Families pass down genetic traits, and some pass down professions. I imagine through careful teaching moments meant to infuse practical skills and activate generational talents. I can count on two hands the amount of times I saw my white Grandmother, Pauline, at the small but impressive wood cabin she and her husband built for their home. I remember the musty smell of old books and the always flat Pepsi me and my brother drank out of learned politeness. It was there I fell in love with nature as we understand it to be, open fields and hidden sand dunes just beyond the tall pines in her backyard. I remember the year swarms of ladybugs covered the windowsills and trying to explain to my Grandmother with a child’s vocabulary how I didn’t want white Barbie’s not only for their alien features, but more because the blonde hair tangled faster. I remember my Mom interrupting my displeasure with one of her famous looks.
I recently moved from my apartment in downtown Detroit to my Mom’s townhouse in Ann Arbor, MI. COVID-19 disrupted my plans to move into a new place, sure, but I also try to limit making decisions without feeling sure of why I’m doing what I’m doing, and to what end. Besides, she’s strangely thrilled to have me back home and it’s too early to blame menopause.
Me and my nearly identical sister spent yesterday rearranging things in the basement so I could have an area all my own. That’s a talent she has which we certainly do not share – while I’ve always been interested in interior design, she got all the skills. I’m not mad about it!
You don’t rearrange things in Mom’s basement without rambling a little bit, and now all of her children are old enough for this to be a non-punishable offense. I found a bra from Frederick’s of Hollywood in one box (size 40F) and put it on over my shirt to test this theory – my Mom was rather amused that I am almost big enough to fit the bras she wore in 1997!
We also found one of my paternal Grandmother’s articles that she wrote for the local newspaper in Saugatuck, MI. She had a weekly column named “Goshorn Meanderings” where she mused about the animals and plants surrounding her cabin, as well as happenings in the community. She talks about squirrels stealing her green walnuts, saying “no” to chemo when she was diagnosed with cancer, and the rest of her ageing friends who are making necessary lifestyle changes to “make the most out of the time that is left”. Ironically, my maternal Grandmother just got her hip replaced and isn’t as accepting of change.
There aren’t similarities in our writing style, but it is remarkable to me that we both write. I remember a stationary set she gave me and to this day, I still adore nice stationary, Kate Spade journals, mini notebooks for my purse, fountain pens, and colored pens. In a memory box, I found a postcard from her where she drew birdhouses all over the blank page. I don’t recall loving birdhouses, but my name is also the name of a common lark. She had a lovely fireplace and used to give me coated pine cones which changed the color of the flames. I know that she loved me.
For a very long time, I avoided incorporating my paternal family into my identity, yes, because they are white. The last conversation I had with my non-achieving, mentally-ill Father ended the possibility of us ever having a relationship since he refuses to get professional help and thus improve the condition of his life. The last time I saw my Grandmother, she was in a hospital bed and I didn’t want to go in the room to say goodbye. I was 7. Death wasn’t something I wanted to understand at the time, so I didn’t. At the funeral, I didn’t cry. But my maternal Grandma has pushed for me to hyphenate my last name with my Father’s to honor his Mother’s memory.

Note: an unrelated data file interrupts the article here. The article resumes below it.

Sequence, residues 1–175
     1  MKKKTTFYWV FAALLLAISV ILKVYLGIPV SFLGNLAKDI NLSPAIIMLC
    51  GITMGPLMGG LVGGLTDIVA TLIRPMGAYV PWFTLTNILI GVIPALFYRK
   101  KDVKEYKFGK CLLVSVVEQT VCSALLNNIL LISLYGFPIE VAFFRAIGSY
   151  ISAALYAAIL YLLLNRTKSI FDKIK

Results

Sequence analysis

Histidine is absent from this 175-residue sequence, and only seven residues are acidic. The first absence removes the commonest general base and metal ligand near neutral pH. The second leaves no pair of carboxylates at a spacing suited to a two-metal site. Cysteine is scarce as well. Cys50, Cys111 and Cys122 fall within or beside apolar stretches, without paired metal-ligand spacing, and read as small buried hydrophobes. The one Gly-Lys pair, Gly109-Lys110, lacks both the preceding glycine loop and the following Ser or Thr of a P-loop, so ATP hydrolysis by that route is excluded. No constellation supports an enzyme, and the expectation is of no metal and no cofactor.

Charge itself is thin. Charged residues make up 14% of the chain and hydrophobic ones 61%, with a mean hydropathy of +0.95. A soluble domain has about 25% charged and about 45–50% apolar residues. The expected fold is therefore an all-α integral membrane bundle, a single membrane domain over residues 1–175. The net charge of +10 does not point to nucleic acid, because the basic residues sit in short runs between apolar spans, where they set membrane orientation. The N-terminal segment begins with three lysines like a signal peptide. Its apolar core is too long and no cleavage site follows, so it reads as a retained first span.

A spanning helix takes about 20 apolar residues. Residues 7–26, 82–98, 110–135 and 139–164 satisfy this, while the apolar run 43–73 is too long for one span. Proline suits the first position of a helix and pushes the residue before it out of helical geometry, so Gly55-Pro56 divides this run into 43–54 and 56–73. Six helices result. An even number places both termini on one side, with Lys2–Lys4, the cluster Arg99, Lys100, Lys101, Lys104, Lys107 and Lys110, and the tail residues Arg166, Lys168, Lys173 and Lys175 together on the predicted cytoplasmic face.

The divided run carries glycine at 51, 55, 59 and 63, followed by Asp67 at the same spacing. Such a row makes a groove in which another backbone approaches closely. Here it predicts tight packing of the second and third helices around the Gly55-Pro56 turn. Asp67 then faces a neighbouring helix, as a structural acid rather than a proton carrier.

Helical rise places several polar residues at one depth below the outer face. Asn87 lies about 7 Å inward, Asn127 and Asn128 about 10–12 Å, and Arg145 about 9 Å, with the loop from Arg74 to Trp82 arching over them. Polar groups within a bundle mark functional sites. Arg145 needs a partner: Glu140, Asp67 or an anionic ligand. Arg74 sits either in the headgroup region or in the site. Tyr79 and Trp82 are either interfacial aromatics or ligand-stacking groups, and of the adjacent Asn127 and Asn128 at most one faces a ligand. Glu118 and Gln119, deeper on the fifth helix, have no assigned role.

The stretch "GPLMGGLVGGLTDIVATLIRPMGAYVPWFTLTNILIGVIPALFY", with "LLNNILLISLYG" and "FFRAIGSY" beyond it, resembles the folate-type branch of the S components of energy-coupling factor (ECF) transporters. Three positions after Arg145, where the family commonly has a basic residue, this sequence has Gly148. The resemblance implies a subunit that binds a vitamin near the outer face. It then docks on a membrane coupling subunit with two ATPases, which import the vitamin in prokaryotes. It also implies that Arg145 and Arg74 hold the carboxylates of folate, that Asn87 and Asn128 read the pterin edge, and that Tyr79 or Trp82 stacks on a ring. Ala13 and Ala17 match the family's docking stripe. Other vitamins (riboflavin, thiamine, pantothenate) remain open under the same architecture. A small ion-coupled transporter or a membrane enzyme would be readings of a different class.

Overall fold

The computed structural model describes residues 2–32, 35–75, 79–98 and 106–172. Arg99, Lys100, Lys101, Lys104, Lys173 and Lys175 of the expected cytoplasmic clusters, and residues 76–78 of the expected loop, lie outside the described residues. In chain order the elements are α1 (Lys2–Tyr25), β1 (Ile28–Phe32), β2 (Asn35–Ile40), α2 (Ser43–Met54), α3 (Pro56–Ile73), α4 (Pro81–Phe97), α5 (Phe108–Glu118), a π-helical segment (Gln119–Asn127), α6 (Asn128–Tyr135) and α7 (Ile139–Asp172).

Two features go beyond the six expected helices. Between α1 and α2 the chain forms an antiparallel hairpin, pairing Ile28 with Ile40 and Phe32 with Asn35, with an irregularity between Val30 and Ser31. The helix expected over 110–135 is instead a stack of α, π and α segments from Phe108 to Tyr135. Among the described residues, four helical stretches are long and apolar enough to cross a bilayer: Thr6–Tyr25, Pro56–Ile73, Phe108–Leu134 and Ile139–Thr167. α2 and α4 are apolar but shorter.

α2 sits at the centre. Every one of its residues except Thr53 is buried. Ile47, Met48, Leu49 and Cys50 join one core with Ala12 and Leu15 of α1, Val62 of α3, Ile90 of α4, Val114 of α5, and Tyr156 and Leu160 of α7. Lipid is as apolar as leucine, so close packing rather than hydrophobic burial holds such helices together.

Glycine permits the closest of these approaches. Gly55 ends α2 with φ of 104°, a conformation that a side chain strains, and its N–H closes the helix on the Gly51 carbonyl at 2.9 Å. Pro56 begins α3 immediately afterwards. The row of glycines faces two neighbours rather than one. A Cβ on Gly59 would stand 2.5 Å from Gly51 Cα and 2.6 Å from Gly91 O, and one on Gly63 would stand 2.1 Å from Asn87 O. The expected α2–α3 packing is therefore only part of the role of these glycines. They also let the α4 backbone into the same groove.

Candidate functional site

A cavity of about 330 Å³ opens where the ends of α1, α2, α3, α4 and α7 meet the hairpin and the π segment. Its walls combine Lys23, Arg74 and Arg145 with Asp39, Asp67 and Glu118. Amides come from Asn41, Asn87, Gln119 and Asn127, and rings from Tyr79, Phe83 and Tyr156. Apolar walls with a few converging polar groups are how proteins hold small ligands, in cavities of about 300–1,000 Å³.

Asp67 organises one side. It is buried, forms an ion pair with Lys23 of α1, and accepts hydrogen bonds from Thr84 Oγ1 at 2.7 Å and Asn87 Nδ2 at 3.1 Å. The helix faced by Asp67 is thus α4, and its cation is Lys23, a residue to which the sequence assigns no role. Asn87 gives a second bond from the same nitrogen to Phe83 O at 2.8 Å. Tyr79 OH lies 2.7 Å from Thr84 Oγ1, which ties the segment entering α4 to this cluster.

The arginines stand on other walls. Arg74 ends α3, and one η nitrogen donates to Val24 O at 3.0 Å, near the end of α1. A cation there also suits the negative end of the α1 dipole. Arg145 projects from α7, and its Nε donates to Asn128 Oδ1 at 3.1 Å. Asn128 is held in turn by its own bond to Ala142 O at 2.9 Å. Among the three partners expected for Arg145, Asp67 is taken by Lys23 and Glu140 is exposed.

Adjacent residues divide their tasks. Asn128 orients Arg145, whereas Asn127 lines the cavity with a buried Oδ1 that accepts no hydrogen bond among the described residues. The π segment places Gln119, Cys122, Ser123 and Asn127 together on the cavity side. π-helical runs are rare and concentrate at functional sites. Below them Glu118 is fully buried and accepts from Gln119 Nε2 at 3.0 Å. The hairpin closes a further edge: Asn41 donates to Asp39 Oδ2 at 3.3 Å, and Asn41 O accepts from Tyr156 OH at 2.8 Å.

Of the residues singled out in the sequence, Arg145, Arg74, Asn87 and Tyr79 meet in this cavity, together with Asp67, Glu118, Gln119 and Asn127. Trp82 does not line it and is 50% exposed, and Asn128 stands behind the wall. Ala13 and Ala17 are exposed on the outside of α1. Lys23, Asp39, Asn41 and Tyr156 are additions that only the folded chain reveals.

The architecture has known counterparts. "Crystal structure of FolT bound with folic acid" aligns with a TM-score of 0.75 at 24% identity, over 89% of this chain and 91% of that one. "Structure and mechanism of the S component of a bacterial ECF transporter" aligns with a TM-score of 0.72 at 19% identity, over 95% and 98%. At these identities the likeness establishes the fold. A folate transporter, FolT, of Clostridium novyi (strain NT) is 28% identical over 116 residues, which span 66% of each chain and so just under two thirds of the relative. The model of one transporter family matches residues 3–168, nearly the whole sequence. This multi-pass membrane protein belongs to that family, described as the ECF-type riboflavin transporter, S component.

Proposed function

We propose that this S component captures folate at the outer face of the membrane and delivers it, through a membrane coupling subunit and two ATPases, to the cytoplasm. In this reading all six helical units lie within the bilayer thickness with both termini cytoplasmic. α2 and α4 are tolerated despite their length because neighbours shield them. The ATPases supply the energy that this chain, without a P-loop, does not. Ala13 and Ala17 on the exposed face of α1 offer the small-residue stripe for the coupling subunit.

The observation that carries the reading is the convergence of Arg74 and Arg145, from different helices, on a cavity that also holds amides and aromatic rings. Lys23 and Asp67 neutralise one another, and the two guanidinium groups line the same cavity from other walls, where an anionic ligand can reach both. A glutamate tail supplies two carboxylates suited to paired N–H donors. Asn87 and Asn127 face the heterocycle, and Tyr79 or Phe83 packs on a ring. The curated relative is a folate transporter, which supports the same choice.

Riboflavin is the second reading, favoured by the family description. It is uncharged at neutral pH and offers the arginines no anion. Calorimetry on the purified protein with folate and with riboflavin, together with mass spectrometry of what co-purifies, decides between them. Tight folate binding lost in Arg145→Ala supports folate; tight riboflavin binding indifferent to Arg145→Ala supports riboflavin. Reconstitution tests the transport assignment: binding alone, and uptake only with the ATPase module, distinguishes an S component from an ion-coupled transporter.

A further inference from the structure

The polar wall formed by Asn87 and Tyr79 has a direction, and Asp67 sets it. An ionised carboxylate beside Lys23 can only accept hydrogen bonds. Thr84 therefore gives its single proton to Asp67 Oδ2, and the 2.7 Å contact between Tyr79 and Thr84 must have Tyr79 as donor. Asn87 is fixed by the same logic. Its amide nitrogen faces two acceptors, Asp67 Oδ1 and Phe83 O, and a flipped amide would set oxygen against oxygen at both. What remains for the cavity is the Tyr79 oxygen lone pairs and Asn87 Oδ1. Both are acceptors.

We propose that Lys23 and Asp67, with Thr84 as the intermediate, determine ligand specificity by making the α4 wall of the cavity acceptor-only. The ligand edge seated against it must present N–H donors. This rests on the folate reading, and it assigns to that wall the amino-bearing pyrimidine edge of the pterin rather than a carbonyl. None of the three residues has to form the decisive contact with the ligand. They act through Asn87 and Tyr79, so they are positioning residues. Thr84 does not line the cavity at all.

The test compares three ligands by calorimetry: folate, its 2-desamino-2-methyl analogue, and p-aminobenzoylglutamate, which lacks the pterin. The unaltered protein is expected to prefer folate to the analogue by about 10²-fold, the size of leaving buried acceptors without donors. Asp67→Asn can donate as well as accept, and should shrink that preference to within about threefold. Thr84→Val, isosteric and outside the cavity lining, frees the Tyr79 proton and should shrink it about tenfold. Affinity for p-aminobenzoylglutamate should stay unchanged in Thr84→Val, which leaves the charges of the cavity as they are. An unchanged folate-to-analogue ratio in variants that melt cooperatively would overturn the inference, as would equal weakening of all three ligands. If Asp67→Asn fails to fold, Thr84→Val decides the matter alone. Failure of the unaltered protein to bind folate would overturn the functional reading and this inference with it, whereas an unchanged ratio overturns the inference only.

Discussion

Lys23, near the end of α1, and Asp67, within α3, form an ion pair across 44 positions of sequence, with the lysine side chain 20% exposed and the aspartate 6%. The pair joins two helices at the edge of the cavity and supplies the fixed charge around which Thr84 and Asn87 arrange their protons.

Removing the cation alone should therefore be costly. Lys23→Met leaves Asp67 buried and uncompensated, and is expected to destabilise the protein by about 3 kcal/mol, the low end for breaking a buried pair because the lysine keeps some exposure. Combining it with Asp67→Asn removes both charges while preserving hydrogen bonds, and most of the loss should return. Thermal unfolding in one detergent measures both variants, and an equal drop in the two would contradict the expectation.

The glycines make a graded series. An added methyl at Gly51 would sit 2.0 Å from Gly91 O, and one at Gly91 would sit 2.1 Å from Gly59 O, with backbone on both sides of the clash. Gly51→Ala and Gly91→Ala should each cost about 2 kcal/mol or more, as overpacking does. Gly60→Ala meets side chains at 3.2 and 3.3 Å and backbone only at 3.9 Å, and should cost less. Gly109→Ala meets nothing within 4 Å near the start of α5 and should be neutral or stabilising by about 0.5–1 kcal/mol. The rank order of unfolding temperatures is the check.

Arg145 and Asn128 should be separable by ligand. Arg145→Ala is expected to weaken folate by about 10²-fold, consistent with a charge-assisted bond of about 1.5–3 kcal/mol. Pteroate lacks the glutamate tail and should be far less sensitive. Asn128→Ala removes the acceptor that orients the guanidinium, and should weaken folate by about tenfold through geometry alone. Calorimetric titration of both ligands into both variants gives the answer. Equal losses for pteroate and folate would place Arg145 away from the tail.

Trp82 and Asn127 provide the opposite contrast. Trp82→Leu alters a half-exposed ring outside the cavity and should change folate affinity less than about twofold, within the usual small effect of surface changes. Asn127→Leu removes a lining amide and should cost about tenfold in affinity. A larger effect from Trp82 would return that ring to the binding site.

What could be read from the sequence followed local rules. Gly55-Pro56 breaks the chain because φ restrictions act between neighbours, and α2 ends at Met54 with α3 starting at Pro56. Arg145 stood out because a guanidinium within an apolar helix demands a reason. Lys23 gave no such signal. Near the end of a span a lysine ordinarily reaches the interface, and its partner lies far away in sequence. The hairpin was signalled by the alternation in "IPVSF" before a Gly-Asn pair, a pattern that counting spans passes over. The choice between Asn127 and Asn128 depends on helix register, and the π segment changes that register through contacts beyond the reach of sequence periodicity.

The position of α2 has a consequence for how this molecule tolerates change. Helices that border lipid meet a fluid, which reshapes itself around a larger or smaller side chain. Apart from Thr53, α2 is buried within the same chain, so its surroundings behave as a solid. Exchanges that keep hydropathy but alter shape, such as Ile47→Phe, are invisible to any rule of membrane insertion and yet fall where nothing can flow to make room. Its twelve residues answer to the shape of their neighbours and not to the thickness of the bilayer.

Part of me wishes we had more time together. I know other young Black people with white family members and the closer relationships they had with them, the less tortured they seem to be by their own identities. I wouldn’t exactly say that’s how I feel about my own identity. I don’t feel tortured by having a Black Mom and a white dad. It does make things a bit complicated for other people. It also makes me wonder what kind of life advice she would give to me as I am today.
When I see the “mixed” identity pages describing mixed identity as a sign of better times, I always comment to the contrary. To me, it’s still a dangerous narrative. 40% of recorded coronavirus deaths are among Black people. We only recently have respite from images of murdered Black bodies in the streets. Media coverage of Black people still borders the stereotypical. A French doctor recently apologized for suggesting that we test coronavirus vaccines in African countries. There are still self-hating Black men on social media degrading Black women for entertainment while praising their white female partners. I have yet to see an increase in racial equality correspondent to the increase in children of interracial partnerships. When it comes to how “mixed” identities understand wholeness, I am trying to let people be.
But for now, I’ll continue to poke around and see how much of my Grandma Pauline I can find in these old boxes. I’ll continue to write, as she did. Maybe even one day, when I’m old and awaiting eternal peace, I’ll have my own column that my Granddaughters will find randomly on the internet. Maybe they’ll wonder who I was, maybe I’ll write enough so they don’t have to wonder and can instead find a little home between the lines I leave behind.